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Then ceased—and all is wail,
As they strike the shatter'd sail;
Or, in conflagration pale,
Light the gloom.

Out spoke the victor then,
As he hail'd them o'er the wave,
“Ye are brothers ! ye are men!
And we conquer but to save :-

instead of death let us bring :
But yield, proud foe, thy fleet,
With the crews, at England's feet,
And make submission meet
To our King."
Then Denmark bless'd our chief,
That he gave her wounds repose ;-
And the sounds of joy and grief
From her people wildly rose ;
As Death withdrew his shades from the day;
While the sun look'd smiling bright
O'er a wide and woeful sight,
Where the fires of funeral light
Died away!
Now joy, Old England, raise !
For the tidings of thy might,
By the festal cities' blazę,
While the wine-cup shines in light;
And yet amid that joy and uproar,
Let us think of them that sleep
Full many a fathom deep,
By thy wild and stormy steep,
Elsinore !

Brave hearts ! to Britain's pride
Once so faithful and so true,
On the deck of fame that died,
With the gallant good Riou !



Soft sigh the winds of Heaven o'er their grave!
While the billow mournful rolls,
And the mermaid's song condoles,
Singing glory to the souls
Of the brave!



All are but parts of one stupendous whole,
Whose body Nature is, and God the soul;
That, changed through all, and yet in all the same,
Great in the earth, as in th' ethereal frame;
Warms in the sun, refreshes in the breeze,
Glows in the stars, and blossoms in the trees;
Lives through all life, extends through all extent ;
Spreads undivided, operates unspent;
Breathes in our soul, informs our mortal part,
As full, as perfect, in a hair as heart;
As full, as perfect, in vile man that mourns,
As the rapt seraph that adores and burns;
To him no high, no low, no great, no small;
He fills, he bounds, connects, and equals all.

Cease, then, nor order imperfection name :
Our proper bliss depends on what we blame.
Know thy own point: This kind, this true degree
Of blindness, weakness, Heaven bestows on thee.
Submit.-In this or any other sphere,
Secure to be as bless'd as thou canst bear,
Safe in the hand of one disposing power,
Or in the natal, or the mortal hour.
All nature is but art, unknown to thee;
All chance, direction, which thou canst not see;
All discord, harmony, not understood;
All partial evil, universal good.



O GENTLE Sleep! do they belong to thee,
These twinklings of oblivion? Thou dost love
To sit in meekness, like the brooding dove,
A captive never wishing to be free.
This tiresome night, O Sleep! thou art to me
A fly, that up and down himself doth shove
Upon a fretful rivulet, now above,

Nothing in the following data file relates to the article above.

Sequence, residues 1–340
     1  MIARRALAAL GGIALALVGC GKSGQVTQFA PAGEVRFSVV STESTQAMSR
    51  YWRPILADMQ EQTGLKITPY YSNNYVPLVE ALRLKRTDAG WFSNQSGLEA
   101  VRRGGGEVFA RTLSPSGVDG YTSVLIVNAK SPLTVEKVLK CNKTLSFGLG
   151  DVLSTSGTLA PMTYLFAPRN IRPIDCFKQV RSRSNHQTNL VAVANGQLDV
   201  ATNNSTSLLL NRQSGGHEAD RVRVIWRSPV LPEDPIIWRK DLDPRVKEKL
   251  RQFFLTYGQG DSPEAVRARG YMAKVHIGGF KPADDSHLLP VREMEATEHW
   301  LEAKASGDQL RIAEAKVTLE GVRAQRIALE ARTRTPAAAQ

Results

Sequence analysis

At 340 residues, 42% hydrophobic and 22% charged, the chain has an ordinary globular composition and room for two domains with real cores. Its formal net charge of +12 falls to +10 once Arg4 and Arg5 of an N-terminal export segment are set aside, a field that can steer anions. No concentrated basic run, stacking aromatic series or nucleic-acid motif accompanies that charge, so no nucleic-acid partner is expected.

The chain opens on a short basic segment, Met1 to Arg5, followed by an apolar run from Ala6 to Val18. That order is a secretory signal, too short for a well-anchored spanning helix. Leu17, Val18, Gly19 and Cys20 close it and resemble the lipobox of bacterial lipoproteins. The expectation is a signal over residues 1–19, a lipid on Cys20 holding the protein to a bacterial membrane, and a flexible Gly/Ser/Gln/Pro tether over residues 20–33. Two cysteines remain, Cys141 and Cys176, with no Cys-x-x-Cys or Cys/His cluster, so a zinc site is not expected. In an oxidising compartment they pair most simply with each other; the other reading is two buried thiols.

Now on the water vex' with mockery.
I have no pain that calls for patience—no;
Hence I am cross and peevish as a child ;
And pleased by fits to have thee for my foe,
Yet ever willing to be reconciled :
O gentle creature ! do not use me so,
But once and deeply let me be beguiled !



An me, my babe, my blossom, ah, my child,
My one sweet child, whom I shall see no more!
For now will cruel Ida keep her back,
And either she will die from want of care,
Or sicken with ill usage, when they say
The child is hers--for every little fault
The child is hers; and they will beat my girl,
Remembering her mother; O my flower!
Or they will take her, they will make her hard,
And she will pass me by in after-life
With some cold reverence, worse than were she dead.
Ill mother that I was to leave her there
To lag behind, scared by the cry they made,
The horror of the shame among them all;
But I will go and sit beside the doors,




And make a wild petition night and day,

Until they hate to hear me like a wind
Wailing for ever, till they open to me,
And lay my little blossom at my feet-
My babe, my sweet Aglaia, my one child;
And I will take her up and go my way,
And satisfy my soul with kissing her.
Ah! what might that man not deserve of me,
Who gave me back my

child ? “Be comforted,”
Said Cyril, “ you shall have it :” but again
She veil'd her brows, and prone she sank, and so
Like tender things that, being caught, feign death,
Spoke not, nor stirred.

Alfred Tennyson.



Two voices are there one is of the sea,
One of the mountains—each a mighty voice:
In both, from age to age, thou didst rejoice,
They were thy chosen music, Liberty !
There came a tyrant, and with holy glee
Thou fought'st against him, but hast vainly striven ;
Thou from thy Alpine holds at length art driven,
Where not a torrent murmur's heard by thee,
Of one sweet bliss thine ear hath been berett:
Then cleave, O cleave to that which still is left;
For, high-soul'd maid, what sorrow it would be
That mountain floods should thunder as before,
And Ocean bellow from his rocky shore,
And neither awful voice be heard by thee !



I'm wearing awa, Jean,
Like snaw when it's thaw, Jean;
I'm wearing awa, Jean,

To the land o' the leal.
There's nae sorrow there, Jean;
There's nae cauld there, Jean;
The day's aye fair, Jean,

In the land o' the leal.

Ye were aye leal and true, Jean;
Your task's ended now, Jean,
And I'll welcome you

To the land o' the leal.
Our bonnie bairn's there, Jean;
She was baith guid and fair, Jean,
And we grudged her right sair

To the land o' the leal.


Then dry that tearfu' ee,
My soul longs to be free, Jean,
And angels wait on me

To the land o' the leal.
Now fare ye well, my ain Jean,
This world's care is vain, Jean;
We'll meet, and aye

be fain
In the land o' the leal.

Lady Nairne.



It is not to be thought of that the flood
Of British freedom, which, to the open sea
Of the world's praise, from dark antiquity
Hath flow'd, “ with pomp of waters unwithstood"-


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